La Via Crucis in Rome
La Via Crucis is a living stations of the Cross. The tradition has long been a part of the Papal festivities surrounding Holy Week. It dates back to the 18th century, and after a period of being discontinued, it was revived in 1964 by Pope Paul VI. Throughout its history, the Pope himself carried the cross from station to station in imitation of Jesus; however, the most recent popes have been unable to carry the cross to due to physical limitations. The event takes place at the Colosseum.
El Salvador Sawdust Rugs
On the afternoon of Good Friday, Salvadorians make sawdust rugs on the streets which will later be part of the path where the “holy funeral procession” will pass, carrying the symbolic dead body of Christ. Entire streets and main avenues in many places of the country are completely closed.
Preparation of Christ’s Grave in Poland
On Good Friday in Poland, mirrors are covered with black cloth and parents wake their children with twigs. Nothing is eaten all day except a little bread and water. Starting on Good Friday and through Saturday, the various churches in town are visited to view Christ’s graves so beautifully and artistically arranged and bathed in flowers. There is much pageantry in this church ritual, with the life size image of the stricken Savior lying in a grotto, guarded night and day by priests and faithful worshippers.
Good Friday Procession in Peru
In Ayacucho, Peru, on Good Friday there is a big procession from Santo Domingo Church to Saint Sepulcher. A coffin made of crystal with the image of Jesus lays on white rose petals. It is followed with other images and women from the city all dressed in black.
Sabado de Gloria in Mexico
On Holy Saturday, there is a custom in some places of burning cardboard or paper mache figures of Judas in effigy because Judas betrayed Jesus. Typically the Judas figures are made to look like Satan, but they sometimes resemble political figures.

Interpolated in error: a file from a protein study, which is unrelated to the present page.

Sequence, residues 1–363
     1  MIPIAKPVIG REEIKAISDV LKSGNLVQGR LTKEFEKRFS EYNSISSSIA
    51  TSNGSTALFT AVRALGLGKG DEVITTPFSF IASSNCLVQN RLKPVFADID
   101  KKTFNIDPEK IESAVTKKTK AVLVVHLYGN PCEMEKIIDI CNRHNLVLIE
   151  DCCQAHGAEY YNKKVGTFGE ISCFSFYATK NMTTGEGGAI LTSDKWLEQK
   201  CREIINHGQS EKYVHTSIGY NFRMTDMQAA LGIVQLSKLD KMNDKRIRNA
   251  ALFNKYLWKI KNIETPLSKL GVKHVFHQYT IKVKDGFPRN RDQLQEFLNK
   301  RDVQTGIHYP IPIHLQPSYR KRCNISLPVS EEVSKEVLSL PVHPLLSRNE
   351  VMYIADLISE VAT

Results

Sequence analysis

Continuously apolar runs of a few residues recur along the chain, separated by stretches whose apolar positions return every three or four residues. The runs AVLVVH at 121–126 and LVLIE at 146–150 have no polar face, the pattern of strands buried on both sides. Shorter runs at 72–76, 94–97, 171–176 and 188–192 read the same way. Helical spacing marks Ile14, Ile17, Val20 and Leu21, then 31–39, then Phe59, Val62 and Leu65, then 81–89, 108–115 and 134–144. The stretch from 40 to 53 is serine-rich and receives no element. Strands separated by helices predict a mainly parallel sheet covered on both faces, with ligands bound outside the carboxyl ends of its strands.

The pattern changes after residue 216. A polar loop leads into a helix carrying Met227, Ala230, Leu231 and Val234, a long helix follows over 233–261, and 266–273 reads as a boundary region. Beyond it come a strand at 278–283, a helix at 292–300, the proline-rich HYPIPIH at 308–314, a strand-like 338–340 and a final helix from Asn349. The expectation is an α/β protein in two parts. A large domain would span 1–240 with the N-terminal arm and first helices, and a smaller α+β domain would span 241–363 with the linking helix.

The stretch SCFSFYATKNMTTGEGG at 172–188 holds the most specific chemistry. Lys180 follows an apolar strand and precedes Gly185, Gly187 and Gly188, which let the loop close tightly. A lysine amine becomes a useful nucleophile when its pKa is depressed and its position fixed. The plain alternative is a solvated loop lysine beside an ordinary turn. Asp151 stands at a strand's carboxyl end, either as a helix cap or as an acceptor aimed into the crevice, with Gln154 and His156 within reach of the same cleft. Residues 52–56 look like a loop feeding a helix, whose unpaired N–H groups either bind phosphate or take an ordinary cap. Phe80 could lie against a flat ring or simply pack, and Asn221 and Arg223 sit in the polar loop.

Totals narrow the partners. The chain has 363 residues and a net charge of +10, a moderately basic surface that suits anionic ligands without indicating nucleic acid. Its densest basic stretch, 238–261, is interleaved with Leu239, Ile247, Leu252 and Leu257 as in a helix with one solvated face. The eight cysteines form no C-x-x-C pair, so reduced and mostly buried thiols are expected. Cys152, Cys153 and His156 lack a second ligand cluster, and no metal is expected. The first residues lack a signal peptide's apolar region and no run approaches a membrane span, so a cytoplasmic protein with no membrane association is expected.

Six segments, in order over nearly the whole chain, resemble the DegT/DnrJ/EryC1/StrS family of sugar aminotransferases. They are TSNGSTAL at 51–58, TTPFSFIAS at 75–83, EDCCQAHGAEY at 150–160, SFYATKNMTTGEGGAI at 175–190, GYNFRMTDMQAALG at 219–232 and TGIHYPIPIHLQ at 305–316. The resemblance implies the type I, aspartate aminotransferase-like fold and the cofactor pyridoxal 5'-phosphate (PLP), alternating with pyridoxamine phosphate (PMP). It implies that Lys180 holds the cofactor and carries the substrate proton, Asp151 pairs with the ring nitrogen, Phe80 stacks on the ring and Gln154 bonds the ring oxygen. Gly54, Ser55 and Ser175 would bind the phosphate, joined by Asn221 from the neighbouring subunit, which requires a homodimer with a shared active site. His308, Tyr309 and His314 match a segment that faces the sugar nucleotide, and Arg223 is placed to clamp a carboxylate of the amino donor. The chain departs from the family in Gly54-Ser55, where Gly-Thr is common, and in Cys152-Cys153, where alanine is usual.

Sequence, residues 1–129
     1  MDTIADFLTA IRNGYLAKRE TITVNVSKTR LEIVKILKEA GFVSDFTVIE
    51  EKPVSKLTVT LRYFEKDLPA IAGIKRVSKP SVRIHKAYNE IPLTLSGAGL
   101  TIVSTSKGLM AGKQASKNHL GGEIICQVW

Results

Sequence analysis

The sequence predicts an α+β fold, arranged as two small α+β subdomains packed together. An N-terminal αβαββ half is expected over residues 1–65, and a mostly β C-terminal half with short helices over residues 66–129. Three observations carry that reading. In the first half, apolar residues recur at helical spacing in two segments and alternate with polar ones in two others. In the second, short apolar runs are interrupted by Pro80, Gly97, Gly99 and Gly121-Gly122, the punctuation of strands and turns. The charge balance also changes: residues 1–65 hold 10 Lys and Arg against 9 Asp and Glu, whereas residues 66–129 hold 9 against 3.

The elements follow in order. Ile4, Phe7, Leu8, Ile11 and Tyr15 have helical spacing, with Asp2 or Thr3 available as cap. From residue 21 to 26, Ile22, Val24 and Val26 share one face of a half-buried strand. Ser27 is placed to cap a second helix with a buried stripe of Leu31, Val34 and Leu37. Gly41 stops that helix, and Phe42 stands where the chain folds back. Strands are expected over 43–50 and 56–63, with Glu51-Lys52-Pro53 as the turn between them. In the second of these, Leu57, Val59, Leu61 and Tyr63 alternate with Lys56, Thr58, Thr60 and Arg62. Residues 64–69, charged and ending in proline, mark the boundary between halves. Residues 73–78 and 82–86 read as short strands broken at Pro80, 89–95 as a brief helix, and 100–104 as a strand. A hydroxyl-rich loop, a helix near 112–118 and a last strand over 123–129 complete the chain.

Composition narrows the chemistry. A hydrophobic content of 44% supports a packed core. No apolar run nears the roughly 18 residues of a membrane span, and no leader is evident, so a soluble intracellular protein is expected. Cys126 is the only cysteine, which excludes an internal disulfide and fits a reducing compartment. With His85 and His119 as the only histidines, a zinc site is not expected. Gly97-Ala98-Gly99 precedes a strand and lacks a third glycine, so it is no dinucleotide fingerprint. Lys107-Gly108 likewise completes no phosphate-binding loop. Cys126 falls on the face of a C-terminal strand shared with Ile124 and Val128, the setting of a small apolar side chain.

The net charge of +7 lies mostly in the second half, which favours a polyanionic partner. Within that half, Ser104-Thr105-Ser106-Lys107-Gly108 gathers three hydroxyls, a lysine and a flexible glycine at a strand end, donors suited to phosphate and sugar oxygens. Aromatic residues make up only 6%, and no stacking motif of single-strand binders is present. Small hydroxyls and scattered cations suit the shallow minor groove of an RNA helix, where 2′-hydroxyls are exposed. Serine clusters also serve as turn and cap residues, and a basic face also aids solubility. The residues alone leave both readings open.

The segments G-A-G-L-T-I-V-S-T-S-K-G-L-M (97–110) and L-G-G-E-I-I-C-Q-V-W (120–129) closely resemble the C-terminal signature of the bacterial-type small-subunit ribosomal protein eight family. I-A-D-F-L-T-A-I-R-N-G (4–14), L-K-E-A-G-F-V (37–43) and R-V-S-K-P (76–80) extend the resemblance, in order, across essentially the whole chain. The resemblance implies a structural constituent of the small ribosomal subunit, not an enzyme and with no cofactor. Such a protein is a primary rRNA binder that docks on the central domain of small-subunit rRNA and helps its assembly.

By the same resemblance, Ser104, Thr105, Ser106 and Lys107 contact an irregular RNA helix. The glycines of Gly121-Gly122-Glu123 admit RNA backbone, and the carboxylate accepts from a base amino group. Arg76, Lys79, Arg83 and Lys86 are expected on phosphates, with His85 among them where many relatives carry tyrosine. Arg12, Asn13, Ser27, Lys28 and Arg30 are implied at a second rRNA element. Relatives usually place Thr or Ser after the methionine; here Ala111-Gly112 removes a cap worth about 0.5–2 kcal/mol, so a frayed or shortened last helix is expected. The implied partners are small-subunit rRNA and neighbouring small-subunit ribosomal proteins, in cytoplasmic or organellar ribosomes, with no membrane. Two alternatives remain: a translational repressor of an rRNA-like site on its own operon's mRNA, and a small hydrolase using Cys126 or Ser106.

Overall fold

Salubong in the PhilippinesSalubong, which means meeting in English, is the highlight of Holy Week traditions in the Philippines. It is essentially a re-enactment of Christ’s encounter with his mother. Early on Easter morning, men carry a statue of Christ and women carry a statue of the sorrowful Mother Mary in separate processions. The processions meet at a designated area in front of the church. A child, playing the role of an angel, removes the black veil from Mary’s image. This symbolizes Mary’s joy upon seeing his son after rising again.
Filipino Catholics believe that Mary was among those who first saw the Risen Christ. The Bible mentions Mary Magdalene greeting Jesus Christ after the resurrection, but there is no direct mentioning of his mother.
The Osterbaum (Easter Egg Trees) in Germany
In Germany, Easter trees are made of branches cut from flowering bushes. They are brought into the house to be decorated with hand-painted wooden eggs and hollowed out real eggs. Living trees and bushes outside the house are also decorated with eggs and wreaths. The Easter egg symbolizes the empty tomb of Jesus. Volker Kraft's tree in this image is hung with about 10,000 hand-painted eggs, taking two weeks to decorate.